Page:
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Signed off work with anxiety - what am I meant to do?

(9 Posts)
NotMeNoNo Mon 16-Jan-17 09:42:25

This may be a stupid question!

I had a number of panic attacks a few weeks ago triggered by a combination of overload at work and some family crises. Never had anything like that before although things have been getting difficult on both fronts for several months.

GP has signed me off for 5 weeks but I need to see work this week about going back. I've had friendly messages from work about "make sure you look after yourself/get well" etc but I'm not sure if I'm doing anything about that? I'm just pottering around the house and MNing/watching daytime TV. Should I be getting counselling or something? I suppose I need to get my workload reduced or it will be just as bad when I get back, which the GP has asked about. I really don't know where next.

Previo Mon 16-Jan-17 09:53:50

Has your GP not made a referral for counselling? There's a number of different ways counselling can help but you'd need to be assessed to determine how you reached this point so you can develop helpful strategies to deal with the anxiety you are suffering from. Does your employer have any employee support options?

Some examples - I had issues many years ago & was referred to group counselling, specifically assertiveness focused, then later had a group course on stress management. I found sharing with others with similar issues helpful, but I'm guessing individual counselling rather than group sessions are also a 'thing' even though I didn't experience that. Much later on, I had CBT which of the 3 types of help/support I think I gained the most from.

In terms of what you need to do now I think my employer was ok as long as I was demonstrating that I was actively seeking help/support for the symptoms of anxiety I was suffering - the onus was equally on them to look at how my work contributed to causing the stress/anxiety issues & how that could be looked at/adjusted to ensure no repeat build up etc.

Hope that helps.

NotMeNoNo Mon 16-Jan-17 10:01:25

Thanks. I'm going to contact the Employee Assistance programme today (external provider), possibly that's why the GP didn't refer.

Itisnoteasybeingdifferent Mon 16-Jan-17 12:16:35

Is the Employee Assistance program provided by your employer. If so be aware they are not necessarily looking after you but the company.

That apart, get lots of rest.

NotMeNoNo Mon 16-Jan-17 12:22:45

The EAP is a company funded benefit from Workplace Options. I think they just refer you to a local counsellor. It would be a first step I guess.
The more I hang about at home the more it seems a huge step to be up and out of the house to go back.

Itisnoteasybeingdifferent Mon 16-Jan-17 16:49:26

Know the feeling. I was initially signed off for a month, then the OH said another two months ,then two more after that. I went back to work but in the interim had decided I could no longer work with people who could drive someone into a mental breakdown. It cost me a local government gold plated pension... but I have my health and the love of a very good woman to support me.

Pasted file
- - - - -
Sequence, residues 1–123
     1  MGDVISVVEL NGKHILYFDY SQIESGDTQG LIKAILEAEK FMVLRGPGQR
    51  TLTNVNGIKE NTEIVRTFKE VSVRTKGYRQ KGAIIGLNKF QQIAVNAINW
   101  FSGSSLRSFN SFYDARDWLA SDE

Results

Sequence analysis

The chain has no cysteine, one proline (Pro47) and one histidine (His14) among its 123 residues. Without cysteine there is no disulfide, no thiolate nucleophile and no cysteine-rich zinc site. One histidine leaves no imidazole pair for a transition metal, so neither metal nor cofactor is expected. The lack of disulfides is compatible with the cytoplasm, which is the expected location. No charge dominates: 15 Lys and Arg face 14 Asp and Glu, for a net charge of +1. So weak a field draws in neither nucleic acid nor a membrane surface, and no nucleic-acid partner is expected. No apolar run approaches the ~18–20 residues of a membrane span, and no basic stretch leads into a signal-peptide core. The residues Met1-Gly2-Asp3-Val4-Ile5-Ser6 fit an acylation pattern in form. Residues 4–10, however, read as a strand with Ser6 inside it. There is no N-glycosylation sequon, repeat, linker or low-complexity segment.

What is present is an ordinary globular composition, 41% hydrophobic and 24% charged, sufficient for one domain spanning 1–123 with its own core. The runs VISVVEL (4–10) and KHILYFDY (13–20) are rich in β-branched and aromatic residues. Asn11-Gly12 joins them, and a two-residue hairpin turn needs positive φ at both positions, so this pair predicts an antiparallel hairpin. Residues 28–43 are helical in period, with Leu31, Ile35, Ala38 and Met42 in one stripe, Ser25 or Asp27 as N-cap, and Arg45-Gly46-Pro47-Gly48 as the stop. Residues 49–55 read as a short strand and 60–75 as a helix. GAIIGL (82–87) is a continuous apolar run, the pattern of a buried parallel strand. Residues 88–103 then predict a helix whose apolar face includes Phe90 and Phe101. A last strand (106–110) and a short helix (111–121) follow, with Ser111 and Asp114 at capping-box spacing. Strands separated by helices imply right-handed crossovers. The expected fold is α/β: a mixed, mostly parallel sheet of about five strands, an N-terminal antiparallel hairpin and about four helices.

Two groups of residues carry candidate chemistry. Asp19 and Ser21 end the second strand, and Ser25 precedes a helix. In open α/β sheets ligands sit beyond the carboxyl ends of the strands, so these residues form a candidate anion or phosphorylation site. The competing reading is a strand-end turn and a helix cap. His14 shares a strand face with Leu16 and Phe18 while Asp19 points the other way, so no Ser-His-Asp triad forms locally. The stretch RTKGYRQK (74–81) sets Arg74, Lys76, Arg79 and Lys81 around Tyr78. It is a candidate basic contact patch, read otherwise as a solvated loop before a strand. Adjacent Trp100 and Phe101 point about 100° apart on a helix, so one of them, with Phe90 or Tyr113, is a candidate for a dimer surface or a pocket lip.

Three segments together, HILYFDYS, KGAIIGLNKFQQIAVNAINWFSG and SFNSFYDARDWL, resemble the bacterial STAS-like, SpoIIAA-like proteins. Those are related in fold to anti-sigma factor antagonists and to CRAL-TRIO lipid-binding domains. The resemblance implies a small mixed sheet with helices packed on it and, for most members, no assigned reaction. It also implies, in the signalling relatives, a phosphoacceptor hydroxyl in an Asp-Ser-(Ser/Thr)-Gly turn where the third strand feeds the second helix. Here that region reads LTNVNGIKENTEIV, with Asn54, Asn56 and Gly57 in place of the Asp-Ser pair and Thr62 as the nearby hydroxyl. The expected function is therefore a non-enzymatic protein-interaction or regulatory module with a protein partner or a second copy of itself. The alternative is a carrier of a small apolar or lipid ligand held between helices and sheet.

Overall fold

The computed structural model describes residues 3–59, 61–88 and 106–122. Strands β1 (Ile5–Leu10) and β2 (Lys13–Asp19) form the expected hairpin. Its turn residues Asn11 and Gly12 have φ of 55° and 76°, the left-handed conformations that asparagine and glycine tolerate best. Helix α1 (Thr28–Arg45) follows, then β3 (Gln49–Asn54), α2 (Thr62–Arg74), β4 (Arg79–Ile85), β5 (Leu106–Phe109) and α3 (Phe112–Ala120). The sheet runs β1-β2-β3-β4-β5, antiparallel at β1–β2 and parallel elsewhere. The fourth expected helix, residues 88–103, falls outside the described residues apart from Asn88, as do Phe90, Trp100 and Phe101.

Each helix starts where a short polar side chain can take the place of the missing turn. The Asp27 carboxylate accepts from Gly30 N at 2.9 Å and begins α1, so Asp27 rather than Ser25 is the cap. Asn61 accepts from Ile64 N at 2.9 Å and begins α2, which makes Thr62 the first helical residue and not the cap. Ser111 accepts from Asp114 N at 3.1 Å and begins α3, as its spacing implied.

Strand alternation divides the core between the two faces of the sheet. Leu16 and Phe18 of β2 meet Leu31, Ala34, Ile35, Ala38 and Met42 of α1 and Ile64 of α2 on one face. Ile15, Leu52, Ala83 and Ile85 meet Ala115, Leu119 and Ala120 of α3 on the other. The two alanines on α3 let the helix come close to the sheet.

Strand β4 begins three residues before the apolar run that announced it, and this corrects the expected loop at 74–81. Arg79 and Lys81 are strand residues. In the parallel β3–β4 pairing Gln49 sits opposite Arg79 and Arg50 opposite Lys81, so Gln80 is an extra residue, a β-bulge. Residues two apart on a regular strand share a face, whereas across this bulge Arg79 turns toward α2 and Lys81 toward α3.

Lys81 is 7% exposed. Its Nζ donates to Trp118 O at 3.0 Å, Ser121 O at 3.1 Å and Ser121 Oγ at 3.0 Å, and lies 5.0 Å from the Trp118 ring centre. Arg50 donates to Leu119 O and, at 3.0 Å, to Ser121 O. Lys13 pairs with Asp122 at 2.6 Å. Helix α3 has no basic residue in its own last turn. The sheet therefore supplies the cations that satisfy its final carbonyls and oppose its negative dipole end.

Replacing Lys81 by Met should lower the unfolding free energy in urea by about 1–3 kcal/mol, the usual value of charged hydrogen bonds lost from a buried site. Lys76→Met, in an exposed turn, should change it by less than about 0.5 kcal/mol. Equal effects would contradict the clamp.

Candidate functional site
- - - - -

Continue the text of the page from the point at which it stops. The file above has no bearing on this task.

From that low point in 2007 we are now setting up a new business and looking to the future. What I mean is that a breakdown is not the end of your life. It can be an opening to do something better that you never realised you can do.

AnxiousCarer Mon 16-Jan-17 18:41:13

I've just gone back to work after 3 months off with PTSD that caused anxiety (it was not work related so somewhat different) My GP put me on antidepressants but did not refer me for any therapy as my work occupational health department has a much shorter waiting list. I was able to self refer to councelling through work and then the councellor refered to a psychologist. I was advised not to even consider going back to work until my anxiety was 3/10 or lower 70% of the time by occupational health. Whilst I was off sick I went to the gym regularly as this is one of my stress management strategies. I also gradually built up my contact with work, meeting up with collegues one to one, going in to meet with my manager and working towards going into work for a chat. My manager suggested going in for an hour at a time just to check emails etc rather than to work and having lunch with my team. Once I was doing that several times a week I started a phased return with reduced hours and reduced duties. If your manager is not initially kedn you can ask your GP to give you a fit note with these specifications on. I have also discussed coping strategies with my manager and have permission to leave work and go for a walk, or take breaks as I feel I need to.

I am lucky to have a very supportive manager and team so that helps enormously. I've worked there a long time and have a good sickness record and they know I won't take the piss, so I think that helps a lot too!

NotMeNoNo Mon 16-Jan-17 21:46:37

Thanks, that is very helpful as to the sort of things that might help. Ultimately I do have to question whether I'm in the right job but would hope in the medium term to get back to work whilst we look at options.

Itisnoteasybeingdifferent Tue 17-Jan-17 08:10:00

OP, you mention family crisis as well as overload at work.
The employer can't do a ything about your family situation axcept be understanding. But the workload is in their remit to manage.

But that is for later. For now forget about eveything and rest. Look after family. Tell DP you love them.

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